If the testing was really in the interest of "fairness", then they should only be testing for performance enhancing drugs- whether legal or not- (nicotine, caffeine, dexamphetamine or other amphetamine type stimulants, etc). They should not be testing for THC, psychadelics, opiates, or other substances that will typically either degrade (or have no effect) upon performance. Nor should they be banning a player who tests positive to a substance, but was not affected at the time of the tournament, so they should be testing during the tournament, not out-of-season, and they should be looking at substances currently in the player's blood plasma, not in their urine.

However if the testing is really in the interest of "sending the right message about drug use"- (cos, you know, in most neighbourhoods those chess grandmasters are role models to "the kids"), then they will allow players to use legal stimulants, but will ban someone who smoked pot weeks before the tournament...

Agree with Speed chess

I have played chess for the last 37 years and getting "high" on and off for 33 of those years. I tend to win more often when I am stoned due to the fact that I can concentrate on the game without life's other problems entering my thought processes. It helps me to focus, without the short term memory loss that keeps being claimed by the experts in law enforcement and anti-drug groups.

Testing testers

How much testing would be demanded if the testers had to test at the same time?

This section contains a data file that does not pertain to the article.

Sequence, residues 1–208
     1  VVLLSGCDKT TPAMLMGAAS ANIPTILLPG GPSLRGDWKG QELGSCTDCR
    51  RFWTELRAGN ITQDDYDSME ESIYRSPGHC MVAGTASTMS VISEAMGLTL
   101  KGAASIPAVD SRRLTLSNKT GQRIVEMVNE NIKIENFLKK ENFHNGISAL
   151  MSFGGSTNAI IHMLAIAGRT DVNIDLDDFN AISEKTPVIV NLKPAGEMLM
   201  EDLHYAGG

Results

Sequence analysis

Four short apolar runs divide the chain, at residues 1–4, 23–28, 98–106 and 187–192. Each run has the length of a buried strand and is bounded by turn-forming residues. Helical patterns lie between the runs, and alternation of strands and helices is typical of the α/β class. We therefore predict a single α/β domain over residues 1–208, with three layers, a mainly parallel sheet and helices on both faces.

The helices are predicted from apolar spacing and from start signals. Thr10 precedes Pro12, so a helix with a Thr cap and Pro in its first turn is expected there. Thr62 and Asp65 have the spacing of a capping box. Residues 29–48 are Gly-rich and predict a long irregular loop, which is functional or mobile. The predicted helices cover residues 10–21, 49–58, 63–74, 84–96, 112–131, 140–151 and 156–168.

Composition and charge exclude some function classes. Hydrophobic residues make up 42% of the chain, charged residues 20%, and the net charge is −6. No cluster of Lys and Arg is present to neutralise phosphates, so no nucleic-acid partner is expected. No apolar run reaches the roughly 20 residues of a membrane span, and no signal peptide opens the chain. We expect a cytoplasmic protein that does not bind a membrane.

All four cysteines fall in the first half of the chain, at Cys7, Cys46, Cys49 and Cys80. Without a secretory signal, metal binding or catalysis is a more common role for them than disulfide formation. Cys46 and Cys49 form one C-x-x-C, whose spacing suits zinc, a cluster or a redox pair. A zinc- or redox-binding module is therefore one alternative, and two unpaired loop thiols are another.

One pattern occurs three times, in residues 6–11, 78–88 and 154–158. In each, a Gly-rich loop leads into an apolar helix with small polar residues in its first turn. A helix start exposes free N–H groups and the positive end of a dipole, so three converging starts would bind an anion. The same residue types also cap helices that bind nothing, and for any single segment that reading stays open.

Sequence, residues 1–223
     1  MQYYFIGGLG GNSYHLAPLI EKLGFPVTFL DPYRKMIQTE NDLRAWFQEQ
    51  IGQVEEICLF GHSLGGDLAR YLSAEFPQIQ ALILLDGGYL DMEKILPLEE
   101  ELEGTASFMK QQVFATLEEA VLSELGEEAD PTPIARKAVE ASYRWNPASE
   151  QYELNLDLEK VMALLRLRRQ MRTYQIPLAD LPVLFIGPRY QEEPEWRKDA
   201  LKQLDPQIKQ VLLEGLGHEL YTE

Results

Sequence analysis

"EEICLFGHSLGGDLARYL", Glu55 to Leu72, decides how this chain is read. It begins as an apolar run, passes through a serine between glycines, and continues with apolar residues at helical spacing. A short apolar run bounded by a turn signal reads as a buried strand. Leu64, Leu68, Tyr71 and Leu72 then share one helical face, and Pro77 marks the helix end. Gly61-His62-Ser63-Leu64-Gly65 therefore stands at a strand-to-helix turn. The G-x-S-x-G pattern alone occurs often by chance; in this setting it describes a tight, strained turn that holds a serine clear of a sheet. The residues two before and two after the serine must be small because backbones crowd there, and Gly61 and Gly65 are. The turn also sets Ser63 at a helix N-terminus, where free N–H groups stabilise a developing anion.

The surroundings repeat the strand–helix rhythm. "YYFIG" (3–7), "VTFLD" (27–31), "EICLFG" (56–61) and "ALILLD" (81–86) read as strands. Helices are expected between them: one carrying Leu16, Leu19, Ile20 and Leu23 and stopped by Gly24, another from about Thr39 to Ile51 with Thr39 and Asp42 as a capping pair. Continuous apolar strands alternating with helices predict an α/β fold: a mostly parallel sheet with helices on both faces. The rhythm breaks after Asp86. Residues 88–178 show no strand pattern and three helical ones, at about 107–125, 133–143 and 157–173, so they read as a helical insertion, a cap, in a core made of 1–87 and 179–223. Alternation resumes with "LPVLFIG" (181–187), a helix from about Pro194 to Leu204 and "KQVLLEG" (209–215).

Just Say No

Once again we need to contend with those who wish to save us from ourselves. These are the kind of people who would have us fighting diabetes by outlawing sugar.

I have verified that I play better chess while smoking cannabis. FIDE should consider that their current practice, testing after competition, may very well prove that the best players are stoners. (Will that make them "roll" models?)

I'm also against drug testing on the job; we should test our drugs at home.

Big Brother is Everywhere

Everyone wants to drug test these days. We live with a Fascist government controlling everyone with fears of terrorism. Hell you cant even play a game of chess without "big brothers" gigantic boot up your F-N Ass. Instead of bailouts we need to prioritize. all the money going to bust cannibas users and sellers could go to education.

Drugs/ Big Brother etc..

Shucks, everyone except you understands that Big Brother has children who just cannot manage their own behavior.

The saddest I have seen was in a hospital where the heron addict was crying because he couldn't afford a fix and that he was in anguish and looked like hell just at age 27.

And education you say? Where yuh been. This guy had two years of college then forgot everything he learned about aids. Now that is prioritizing big time. Lets see. After passing the class . . .what comes first, aids or drugs?

Big brother leaves  him alone and he is .................................dead. Some choice.

Is it just me, or have we really gone off the deep end?

Were testing kids, teachers, doctors, parents, now chess players? are you kidding me? This is the land of the free right? When will we all stop and say enough! No more testing, no more locking people up by the thousands because they are not enjoying Booze like a good little Raganites. IF every drug arrest demanded a jury trial the courts would fall apart, if every pot head planted 3 single seeds in 3 random places around town (Parks, Church lawns, University Green belts) the drug cops could spend all their time killing ditch weed, not trying to get the grade school kick ball team indited.

Just SAY No to all the drug law bull shit, Know your rights, and pitch those seeds out the window!

Sick of it
Denver CO.


Opiates I find are a great performance enhancer for chess.. It makes you feel good and calm, thoughts flow more easily in this state... Although amphetamines may increase your concentration, they kill your creativity (and creative, intuitive thought is a must in chess).